The purpose of this study was to determine a student’s computer knowledge upon course entry and if there was a difference in college students’ improvement scores as measured by the difference in pretest and post-test scores of new or novice users, moderate users, and expert users at the end of a college level introductory computing class. This study also determined whether there were differences in improvement scores by gender or age group. The results of this study were used to determine whether there was a difference in improvement scores among the three campus locations participating in this study.
Four hundred sixty-nine students participated in this study at a community college located in Northeast Tennessee. A survey, pretest, and post-test were administered to students in a college level introductory computing class. The survey consisted of demographic data that included gender, age category, location, Internet access, educational experience and the self-rated user category, while the pretest and post-test explored the student’s knowledge of computer terminology, hardware, the current operating system, Microsoft Word, Microsoft Excel, and Microsoft PowerPoint.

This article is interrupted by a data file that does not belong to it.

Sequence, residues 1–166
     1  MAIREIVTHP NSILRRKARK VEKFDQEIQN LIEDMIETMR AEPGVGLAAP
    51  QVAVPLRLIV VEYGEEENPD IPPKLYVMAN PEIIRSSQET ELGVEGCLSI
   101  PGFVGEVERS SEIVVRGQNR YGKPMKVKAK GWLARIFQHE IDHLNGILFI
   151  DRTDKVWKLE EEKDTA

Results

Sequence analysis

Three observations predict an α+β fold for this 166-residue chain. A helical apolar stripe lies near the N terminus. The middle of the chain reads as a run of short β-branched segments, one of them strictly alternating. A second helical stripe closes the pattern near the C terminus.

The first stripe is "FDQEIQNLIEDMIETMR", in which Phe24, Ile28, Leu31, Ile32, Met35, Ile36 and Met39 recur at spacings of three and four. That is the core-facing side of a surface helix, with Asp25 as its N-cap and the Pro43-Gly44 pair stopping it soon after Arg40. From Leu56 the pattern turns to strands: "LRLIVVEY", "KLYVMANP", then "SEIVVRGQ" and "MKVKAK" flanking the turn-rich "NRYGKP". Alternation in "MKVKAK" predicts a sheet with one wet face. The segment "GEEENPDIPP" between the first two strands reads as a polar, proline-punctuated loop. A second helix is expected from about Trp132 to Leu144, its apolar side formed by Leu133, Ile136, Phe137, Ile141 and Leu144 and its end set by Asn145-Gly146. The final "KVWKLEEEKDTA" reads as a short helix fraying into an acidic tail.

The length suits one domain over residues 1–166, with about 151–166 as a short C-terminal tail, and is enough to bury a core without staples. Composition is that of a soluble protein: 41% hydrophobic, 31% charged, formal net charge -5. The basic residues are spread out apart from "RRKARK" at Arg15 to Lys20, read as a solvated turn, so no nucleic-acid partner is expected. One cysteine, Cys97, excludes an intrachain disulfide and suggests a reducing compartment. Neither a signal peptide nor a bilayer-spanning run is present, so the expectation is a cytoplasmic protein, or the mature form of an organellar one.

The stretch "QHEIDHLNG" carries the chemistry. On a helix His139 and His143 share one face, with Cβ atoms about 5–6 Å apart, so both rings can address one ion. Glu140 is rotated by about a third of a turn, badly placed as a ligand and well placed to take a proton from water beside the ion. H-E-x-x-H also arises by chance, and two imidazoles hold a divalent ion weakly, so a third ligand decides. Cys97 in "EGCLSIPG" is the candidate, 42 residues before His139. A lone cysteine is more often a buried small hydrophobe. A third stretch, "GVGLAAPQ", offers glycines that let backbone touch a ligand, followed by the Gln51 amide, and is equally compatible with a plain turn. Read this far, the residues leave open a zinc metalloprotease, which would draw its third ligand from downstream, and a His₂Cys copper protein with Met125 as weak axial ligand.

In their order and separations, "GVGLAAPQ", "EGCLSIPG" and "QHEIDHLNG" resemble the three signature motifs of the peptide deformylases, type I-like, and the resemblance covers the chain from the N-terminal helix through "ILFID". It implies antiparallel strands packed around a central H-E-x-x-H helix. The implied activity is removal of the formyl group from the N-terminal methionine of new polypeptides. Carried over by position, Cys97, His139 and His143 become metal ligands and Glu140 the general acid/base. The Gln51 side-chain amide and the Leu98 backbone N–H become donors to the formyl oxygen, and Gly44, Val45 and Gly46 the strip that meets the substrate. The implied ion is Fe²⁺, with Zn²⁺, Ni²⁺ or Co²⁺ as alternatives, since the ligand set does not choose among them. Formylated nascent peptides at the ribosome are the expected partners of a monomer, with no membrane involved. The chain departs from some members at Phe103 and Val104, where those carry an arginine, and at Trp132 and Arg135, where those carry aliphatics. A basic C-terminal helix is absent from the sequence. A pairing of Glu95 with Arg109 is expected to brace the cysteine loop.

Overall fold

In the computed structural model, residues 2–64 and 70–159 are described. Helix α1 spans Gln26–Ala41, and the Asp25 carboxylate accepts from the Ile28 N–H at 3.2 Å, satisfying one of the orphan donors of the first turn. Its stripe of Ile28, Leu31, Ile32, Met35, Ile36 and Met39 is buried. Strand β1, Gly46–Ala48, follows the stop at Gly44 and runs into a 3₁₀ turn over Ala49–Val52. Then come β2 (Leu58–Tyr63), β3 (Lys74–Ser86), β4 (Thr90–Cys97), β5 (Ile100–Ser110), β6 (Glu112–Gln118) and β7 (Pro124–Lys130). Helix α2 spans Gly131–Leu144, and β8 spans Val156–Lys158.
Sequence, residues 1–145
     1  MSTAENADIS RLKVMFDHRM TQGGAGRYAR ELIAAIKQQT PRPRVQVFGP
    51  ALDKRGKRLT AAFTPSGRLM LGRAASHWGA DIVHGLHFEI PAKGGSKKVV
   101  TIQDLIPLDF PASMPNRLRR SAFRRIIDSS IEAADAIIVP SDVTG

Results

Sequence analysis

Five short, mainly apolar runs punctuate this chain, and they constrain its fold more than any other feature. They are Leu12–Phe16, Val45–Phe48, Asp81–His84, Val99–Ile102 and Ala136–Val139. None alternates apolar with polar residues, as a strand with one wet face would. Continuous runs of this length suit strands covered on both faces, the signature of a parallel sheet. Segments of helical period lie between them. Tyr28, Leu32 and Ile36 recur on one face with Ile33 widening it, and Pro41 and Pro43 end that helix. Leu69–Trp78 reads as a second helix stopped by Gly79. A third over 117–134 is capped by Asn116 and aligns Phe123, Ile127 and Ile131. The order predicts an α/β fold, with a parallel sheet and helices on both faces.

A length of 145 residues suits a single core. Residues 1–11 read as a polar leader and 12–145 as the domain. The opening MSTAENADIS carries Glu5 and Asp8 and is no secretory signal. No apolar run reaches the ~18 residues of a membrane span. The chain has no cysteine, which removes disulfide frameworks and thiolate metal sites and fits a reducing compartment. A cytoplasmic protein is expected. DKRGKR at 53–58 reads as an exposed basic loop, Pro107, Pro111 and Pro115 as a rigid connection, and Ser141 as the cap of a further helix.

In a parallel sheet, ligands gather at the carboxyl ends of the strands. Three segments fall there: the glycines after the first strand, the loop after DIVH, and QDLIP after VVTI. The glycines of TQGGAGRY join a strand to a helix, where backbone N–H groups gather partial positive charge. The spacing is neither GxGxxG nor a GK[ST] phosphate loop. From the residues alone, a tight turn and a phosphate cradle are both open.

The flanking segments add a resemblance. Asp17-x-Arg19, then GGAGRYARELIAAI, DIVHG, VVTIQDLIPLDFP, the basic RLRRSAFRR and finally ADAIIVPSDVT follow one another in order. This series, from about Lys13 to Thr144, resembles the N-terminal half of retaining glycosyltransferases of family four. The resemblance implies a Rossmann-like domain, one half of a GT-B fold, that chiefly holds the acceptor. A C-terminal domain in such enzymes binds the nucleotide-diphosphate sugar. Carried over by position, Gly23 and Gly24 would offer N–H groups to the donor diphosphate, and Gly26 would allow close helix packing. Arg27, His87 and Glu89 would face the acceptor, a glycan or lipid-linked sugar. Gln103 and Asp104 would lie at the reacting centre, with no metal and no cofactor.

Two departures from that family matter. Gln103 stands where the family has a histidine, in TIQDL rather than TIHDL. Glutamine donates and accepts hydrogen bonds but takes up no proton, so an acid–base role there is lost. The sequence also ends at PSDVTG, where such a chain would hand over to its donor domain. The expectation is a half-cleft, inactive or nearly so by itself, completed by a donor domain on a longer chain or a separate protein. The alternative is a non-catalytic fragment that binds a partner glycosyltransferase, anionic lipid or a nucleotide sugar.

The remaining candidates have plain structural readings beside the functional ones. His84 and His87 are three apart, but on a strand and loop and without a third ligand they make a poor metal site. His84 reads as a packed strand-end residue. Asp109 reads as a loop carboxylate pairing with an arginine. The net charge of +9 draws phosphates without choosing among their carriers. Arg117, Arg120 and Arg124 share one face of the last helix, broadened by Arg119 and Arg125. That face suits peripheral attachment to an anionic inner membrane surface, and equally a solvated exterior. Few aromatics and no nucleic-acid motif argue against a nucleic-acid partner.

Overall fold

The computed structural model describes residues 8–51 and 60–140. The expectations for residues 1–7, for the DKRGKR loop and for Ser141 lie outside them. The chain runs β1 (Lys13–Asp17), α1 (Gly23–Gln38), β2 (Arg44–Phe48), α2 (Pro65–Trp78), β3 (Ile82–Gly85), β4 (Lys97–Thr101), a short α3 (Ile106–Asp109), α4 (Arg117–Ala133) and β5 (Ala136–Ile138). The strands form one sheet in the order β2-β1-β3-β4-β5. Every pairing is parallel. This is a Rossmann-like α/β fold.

The data analysis revealed significant differences in pretest scores between educational experience categories. In each instance, the pretest mean for first semester freshmen students was lower than second semester freshmen and sophomores. The study also reported significant differences between the self-rated user categories and pretest scores as well as differences in improvement scores (post-test scores minus pretest scores). However, the improvement scores (post-test scores minus pretest scores) were higher than the other self-rated user categories. Of the three participating campus locations, students at Location 1 earned higher improvement scores than did students at Location 2. The results also indicated that there was a significant difference between the types of course delivery and course improvement scores (post-test scores minus pretest scores). The improvement scores for on ground delivery was 5 points higher than the hybrid course delivery. Finally, study revealed no significant differences according to the gender and age categories.
Available at: http://works.bepress.com/donald-good/26/